If a person passes away in one place but [some] relatives live in another place in which, due to time zone differences, it is already the next day (or still the previous), do those relatives establish the yahrzeit based on the date in the place where the person died, or where they live (and where the person will be buried -- assuming that the yahrzeit is based on death, not interment)?

Is it possible that different relatives would mark different days as the yahrzeit or do they all accept one date regardless of where they live?

  • Why would you think so about Yahrzeit: "do those relatives establish the yahrzeit "? I would think about Shiv'ah before/after sunset in different zones, but Y. seems to clearly follow the deceased.
    – Al Berko
    May 20, 2019 at 15:21
  • I already know that shiva can be computed differently for different people based on a funeral, an interment, travel and time zones but I don't know if any of these has an effect on the Yahrzeit.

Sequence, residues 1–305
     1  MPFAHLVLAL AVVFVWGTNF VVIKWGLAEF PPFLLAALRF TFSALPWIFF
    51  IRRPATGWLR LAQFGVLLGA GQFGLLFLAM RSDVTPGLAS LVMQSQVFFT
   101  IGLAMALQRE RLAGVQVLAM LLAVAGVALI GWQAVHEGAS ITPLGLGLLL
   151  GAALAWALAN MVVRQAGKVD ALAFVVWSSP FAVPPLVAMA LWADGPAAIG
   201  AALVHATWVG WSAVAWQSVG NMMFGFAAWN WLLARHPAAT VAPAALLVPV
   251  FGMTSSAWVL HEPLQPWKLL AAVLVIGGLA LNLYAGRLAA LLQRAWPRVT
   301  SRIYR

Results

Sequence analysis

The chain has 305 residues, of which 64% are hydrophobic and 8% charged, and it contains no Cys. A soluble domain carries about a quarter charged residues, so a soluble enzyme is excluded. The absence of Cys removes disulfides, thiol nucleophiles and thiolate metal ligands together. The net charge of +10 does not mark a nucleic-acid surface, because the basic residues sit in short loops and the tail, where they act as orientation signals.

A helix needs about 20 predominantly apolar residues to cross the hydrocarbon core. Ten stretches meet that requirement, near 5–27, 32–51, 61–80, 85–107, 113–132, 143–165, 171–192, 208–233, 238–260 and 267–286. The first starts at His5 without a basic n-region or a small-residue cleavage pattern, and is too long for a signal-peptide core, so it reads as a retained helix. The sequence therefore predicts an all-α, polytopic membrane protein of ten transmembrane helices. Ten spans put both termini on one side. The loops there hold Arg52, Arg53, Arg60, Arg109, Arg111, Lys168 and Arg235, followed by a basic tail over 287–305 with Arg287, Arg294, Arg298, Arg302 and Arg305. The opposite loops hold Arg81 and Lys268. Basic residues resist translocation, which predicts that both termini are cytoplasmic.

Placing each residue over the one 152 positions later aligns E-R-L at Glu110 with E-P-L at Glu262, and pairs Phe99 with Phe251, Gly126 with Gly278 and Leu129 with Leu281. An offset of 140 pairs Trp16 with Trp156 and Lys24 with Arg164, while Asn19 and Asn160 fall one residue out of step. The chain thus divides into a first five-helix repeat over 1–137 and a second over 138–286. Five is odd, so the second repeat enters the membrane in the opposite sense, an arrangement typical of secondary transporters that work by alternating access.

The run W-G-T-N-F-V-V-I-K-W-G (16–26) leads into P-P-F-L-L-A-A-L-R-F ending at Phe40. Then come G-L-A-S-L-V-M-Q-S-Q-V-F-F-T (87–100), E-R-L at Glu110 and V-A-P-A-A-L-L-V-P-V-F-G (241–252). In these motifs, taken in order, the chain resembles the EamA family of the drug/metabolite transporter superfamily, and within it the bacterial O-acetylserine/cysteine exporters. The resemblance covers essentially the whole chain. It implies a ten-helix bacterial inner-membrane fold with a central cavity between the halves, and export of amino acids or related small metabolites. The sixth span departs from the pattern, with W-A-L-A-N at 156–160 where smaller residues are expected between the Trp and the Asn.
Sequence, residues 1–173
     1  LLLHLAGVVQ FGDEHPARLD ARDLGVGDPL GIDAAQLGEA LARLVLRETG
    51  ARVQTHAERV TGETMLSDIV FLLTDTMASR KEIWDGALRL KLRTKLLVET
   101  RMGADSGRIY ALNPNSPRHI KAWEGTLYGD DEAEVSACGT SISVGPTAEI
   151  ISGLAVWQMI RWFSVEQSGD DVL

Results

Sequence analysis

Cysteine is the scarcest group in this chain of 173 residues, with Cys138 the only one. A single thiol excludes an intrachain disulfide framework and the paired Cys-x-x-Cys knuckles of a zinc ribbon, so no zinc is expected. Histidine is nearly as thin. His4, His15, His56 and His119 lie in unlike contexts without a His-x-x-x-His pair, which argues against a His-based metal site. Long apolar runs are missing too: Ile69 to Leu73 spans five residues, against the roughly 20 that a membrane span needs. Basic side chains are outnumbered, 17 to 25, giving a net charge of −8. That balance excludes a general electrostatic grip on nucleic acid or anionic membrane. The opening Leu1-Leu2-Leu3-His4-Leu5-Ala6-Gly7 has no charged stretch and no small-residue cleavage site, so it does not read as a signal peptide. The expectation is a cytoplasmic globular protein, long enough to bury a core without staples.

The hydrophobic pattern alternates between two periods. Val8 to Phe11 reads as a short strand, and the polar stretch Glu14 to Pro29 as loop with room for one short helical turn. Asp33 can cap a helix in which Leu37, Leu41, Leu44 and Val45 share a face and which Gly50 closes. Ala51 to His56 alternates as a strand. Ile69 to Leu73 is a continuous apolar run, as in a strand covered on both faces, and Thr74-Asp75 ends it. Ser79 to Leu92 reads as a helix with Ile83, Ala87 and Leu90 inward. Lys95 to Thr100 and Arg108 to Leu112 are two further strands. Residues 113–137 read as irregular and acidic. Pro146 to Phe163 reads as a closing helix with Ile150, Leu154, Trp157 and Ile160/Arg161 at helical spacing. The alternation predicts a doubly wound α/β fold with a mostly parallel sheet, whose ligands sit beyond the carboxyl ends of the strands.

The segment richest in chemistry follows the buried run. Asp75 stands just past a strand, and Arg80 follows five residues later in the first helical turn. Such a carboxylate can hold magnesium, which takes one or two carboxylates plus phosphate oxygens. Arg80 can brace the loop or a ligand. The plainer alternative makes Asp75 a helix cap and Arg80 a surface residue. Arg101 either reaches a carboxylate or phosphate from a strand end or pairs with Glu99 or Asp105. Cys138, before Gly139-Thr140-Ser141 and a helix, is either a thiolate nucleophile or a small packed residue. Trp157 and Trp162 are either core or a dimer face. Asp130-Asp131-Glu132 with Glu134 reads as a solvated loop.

– rosends
    May 20, 2019 at 15:23
  • Let us continue this discussion in chat.
    – Al Berko
    May 20, 2019 at 16:08
  • 1
    I heard s story of a person who missed yartzeit and so they called up a shul several time zones over to say Kaddish for him.
    – mroll
    May 20, 2019 at 16:49
  • @mroll that begs the question of whether, if I ask a representative to say kaddish on yahrzeits in the future, I have to make sure they apply the requests to prayers during the tefillot which correlate to the "home" time zones...
    – rosends
    May 20, 2019 at 17:08

1 Answer 1


A TorahMusings article titled "Yahrzeit Practices" cites the opinion of the Gesher Hachaim (volume 1, 32:14) who writes:

If the person died in a different time zone than his relative, the yahrtzeit is determined based on the time and location of the person who died, independent of where the relatives may be.

TorahMusings acknowledges that not everyone agrees to this, noting in footnote #14:

See however Penei Baruch 39:40 who cites other opinions as well

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